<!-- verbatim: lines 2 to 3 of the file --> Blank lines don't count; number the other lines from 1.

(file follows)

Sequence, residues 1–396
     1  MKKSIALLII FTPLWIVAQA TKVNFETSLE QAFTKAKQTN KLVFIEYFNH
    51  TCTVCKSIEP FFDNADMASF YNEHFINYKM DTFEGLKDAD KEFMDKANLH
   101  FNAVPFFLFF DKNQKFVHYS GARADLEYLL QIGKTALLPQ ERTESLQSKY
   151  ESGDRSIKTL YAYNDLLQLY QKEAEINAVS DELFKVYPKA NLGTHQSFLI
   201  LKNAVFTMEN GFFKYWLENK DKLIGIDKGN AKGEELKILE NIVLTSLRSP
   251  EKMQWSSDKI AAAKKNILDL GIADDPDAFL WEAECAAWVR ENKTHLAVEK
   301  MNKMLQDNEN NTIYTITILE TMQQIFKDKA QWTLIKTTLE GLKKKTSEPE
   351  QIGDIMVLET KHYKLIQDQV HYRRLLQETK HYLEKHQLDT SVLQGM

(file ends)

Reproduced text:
     1  MKKSIALLII FTPLWIVAQA TKVNFETSLE QAFTKAKQTN KLVFIEYFNH
    51  TCTVCKSIEP FFDNADMASF YNEHFINYKM DTFEGLKDAD KEFMDKANLH